This book is one of the most influential books of poetry in my life. Growing up in Los Angeles I can relate to Bukowski. Bukowski is similar to John Steinbeck in that to truly appreciate his work you have to visit what they wrote about. To truly appreciate Steinbeck you have to visit Salinas or drive up the California coast. Similarly, to truly appreciate Bukowski you have to visit Los Angeles. You have to drive the freeways, go to the race tracks, and experience the city. The real city, not Hollywood, Disneyland, or Malibu. Although Los Angeles is glamorized in the media as a magical place where movie stars roam exotic beaches, Bukowski writes of Los Angeles as an ordinary, lonesome, city and he writes of it from the view of an ordinary, lonesome man. Its the fact that Bukowski writes in such a way to portray life and especially "magical" Los Angeles in such a real setting that draws you to this book. He writes about his alcoholism, wasting money at the race tracks, prostitutes, and homelessness, things that you ordinarily relate to New York or Chicago, but not Los Angeles. What makes this book so great is that Bukowski proves you can make ordinary people interesting and even if you take all the glimmer away from Los Angeles it's still very interesting. The subtle themes that run through Bukowski's poetry are exactly what I have stated, that ordinary people are interesting. Also another subtle theme, I would like to add, is that no indiviual is the center of the universe. No matter what you are doing, and how important you think what you are doing is, life still goes on around you. Life exists outside of your sphere. Someone somewhere is doing something more important than you. I think this theme is especcialy relevant to Los Angelitos because many of them can't get past the fact that the world does not revolve around them. So, if you enjoy poems that expose the world for what it is, and don't spice up reality, than this is an excellent book. I also reccomend it for college students because it will change your whole outlook on life. I recomend that those younger than college age do not read it because of the vulgarity and also Bukowski deals with alot of mature themes that are not appropraite for younger readers.
33 internautes sur 40 ont trouvé ce commentaire utile 
I hate poetry, so naturally Bukowski's poetry works for me 26 juin 2006
Par J.S. Simmons - Publié sur Amazon.com
Format: Broché Achat vérifié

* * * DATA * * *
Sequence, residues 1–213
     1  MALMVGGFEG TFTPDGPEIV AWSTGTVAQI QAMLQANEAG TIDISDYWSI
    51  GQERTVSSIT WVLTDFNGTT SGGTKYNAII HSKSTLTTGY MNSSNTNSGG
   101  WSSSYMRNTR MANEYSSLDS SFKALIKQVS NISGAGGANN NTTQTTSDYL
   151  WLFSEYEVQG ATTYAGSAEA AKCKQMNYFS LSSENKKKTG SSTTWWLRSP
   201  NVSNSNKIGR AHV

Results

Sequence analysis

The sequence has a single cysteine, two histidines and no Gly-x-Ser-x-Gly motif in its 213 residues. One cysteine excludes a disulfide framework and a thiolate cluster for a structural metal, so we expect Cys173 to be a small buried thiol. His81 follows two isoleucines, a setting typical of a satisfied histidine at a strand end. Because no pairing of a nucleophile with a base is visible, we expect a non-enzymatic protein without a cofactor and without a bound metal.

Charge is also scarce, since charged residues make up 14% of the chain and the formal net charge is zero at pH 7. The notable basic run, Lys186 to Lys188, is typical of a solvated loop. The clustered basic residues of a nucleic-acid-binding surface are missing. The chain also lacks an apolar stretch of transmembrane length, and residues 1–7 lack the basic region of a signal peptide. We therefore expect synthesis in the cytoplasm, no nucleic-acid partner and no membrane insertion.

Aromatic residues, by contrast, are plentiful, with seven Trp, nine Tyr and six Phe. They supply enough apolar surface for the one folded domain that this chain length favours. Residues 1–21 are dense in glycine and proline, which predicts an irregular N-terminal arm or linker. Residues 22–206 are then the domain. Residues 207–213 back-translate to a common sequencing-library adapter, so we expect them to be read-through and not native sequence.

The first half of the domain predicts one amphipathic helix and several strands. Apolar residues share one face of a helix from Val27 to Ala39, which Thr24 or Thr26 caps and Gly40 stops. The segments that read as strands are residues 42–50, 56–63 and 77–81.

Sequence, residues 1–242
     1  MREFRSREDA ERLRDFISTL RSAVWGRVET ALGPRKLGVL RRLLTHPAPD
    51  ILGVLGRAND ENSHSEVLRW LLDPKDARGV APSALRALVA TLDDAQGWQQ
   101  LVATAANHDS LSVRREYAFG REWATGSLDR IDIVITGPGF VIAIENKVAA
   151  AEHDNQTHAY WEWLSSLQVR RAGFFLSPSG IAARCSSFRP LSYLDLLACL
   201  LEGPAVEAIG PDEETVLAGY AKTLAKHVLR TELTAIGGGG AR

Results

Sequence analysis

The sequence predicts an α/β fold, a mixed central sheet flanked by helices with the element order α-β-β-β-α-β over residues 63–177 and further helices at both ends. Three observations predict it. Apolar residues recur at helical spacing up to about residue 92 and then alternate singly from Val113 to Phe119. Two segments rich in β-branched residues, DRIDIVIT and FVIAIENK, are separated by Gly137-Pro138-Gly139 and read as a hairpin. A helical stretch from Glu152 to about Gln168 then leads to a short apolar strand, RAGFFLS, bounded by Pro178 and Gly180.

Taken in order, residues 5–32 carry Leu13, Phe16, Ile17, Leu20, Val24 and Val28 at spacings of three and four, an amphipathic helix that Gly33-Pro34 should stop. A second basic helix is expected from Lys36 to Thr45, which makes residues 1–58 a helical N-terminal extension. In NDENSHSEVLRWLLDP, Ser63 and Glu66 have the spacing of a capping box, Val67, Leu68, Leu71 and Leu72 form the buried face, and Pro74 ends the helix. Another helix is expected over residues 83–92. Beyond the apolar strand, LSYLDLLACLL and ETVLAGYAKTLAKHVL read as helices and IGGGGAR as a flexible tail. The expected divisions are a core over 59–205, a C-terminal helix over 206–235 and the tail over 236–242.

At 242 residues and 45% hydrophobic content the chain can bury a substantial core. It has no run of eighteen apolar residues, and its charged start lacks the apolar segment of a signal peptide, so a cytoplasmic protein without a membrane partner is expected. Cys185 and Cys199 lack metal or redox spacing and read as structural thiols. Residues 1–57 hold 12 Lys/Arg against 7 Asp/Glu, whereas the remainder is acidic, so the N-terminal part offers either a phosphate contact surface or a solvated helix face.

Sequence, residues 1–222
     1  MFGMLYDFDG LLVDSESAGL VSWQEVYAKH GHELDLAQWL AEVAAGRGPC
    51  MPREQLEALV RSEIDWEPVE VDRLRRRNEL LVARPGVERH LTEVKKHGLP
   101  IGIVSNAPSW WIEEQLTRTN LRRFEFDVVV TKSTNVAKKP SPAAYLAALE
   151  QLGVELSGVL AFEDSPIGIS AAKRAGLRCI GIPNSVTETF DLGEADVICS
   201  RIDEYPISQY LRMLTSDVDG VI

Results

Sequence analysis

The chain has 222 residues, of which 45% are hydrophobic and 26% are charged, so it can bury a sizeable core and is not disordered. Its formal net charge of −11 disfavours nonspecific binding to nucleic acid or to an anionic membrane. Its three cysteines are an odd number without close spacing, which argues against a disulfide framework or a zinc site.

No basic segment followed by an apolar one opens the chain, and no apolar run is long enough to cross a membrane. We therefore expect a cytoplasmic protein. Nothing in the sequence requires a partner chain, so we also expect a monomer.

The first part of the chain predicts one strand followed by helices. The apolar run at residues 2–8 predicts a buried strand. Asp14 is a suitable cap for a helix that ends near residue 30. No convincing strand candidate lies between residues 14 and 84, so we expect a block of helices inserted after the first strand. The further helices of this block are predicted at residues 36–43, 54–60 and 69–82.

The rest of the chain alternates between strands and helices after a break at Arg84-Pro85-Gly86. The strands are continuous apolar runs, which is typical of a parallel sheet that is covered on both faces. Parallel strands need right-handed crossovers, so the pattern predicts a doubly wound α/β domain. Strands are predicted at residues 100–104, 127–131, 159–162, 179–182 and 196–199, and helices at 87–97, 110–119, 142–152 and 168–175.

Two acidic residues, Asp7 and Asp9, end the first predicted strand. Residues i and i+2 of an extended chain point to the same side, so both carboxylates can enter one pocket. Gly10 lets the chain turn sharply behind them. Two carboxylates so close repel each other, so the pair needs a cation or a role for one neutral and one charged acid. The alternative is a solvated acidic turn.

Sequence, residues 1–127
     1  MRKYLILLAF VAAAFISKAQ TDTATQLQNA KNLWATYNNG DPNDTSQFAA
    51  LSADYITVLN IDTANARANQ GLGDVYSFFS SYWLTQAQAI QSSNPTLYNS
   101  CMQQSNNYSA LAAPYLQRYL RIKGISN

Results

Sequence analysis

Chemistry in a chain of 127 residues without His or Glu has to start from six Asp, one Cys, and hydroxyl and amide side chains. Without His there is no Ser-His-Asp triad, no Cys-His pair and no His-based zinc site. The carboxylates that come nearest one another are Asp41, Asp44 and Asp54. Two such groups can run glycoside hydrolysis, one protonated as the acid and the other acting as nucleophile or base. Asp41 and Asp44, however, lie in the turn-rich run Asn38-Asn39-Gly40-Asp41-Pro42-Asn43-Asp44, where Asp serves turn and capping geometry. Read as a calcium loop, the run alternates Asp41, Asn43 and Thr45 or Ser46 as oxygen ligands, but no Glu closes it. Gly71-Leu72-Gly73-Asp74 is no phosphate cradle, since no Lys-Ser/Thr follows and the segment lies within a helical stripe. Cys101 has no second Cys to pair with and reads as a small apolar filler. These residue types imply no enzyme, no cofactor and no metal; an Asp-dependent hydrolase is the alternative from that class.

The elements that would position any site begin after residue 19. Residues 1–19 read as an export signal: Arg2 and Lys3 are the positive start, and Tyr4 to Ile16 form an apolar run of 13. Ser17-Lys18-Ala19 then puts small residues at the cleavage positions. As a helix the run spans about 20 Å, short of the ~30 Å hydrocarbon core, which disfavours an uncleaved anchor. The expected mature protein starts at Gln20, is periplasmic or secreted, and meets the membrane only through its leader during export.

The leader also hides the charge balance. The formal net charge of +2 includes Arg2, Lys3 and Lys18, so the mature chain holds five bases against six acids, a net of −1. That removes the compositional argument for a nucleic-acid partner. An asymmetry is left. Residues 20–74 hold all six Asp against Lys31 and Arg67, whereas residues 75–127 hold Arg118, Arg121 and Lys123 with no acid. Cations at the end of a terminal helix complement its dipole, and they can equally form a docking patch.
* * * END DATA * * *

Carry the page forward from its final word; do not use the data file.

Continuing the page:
I love Bukowski's fiction, its straightforward, unadorned, yet precise diction, and its degraded, yet implacable hero(es?).

Poetry, to me, has always seemed a florid waste of time, and a lazy man's game. It seems like shorthand at its best moments.

But I can't get over the fact that this guy, while making fun of the form, is able to nail his little portraits with alarming consistency.

Some of these, like "My Ivy League Friends," are narrative, mean and straight.

Others, still eschewing metaphor, are humming, man-shaped bells, like "No Help For That."

There are some duds, and I won't bother pointing to them because they'll be obvious when you come to them.

But, I like this guy a lot. He's real, even when he does his best to avoid it.
20 internautes sur 23 ont trouvé ce commentaire utile 
I'll Have Another One 26 octobre 2004
Par Ann Schaffer - Publié sur Amazon.com
Format: Broché
Reading Charles Bukowski is like being drunk. Without taking a drink. That is what it feels like to me. I'll have to consider whether any of my other favorite poets alter my consciousness that way, but at first consideration, I can't think of one who does. This is a good thing, a good drunk, a "speak the truth" type of drunk.
7 internautes sur 7 ont trouvé ce commentaire utile 
Short stories of Bukowski 1 juin 2013
Par Bob S. - Publié sur Amazon.com
Format: Format Kindle Achat vérifié
If you want to know if you will like Bukowski without committing to a novel, this is the ticket for you. I read a bout half of them and decided that while I think he is an amazing writer, guttural, honest, in your face and darkly familiar; I just couldn't finish it. His style is very dark and he writes so well that he can easily affect the mood of his reader. I needed something lighter after reading these stories. But if that style is for you, you can't do much better than Bukowski. It's just not for me.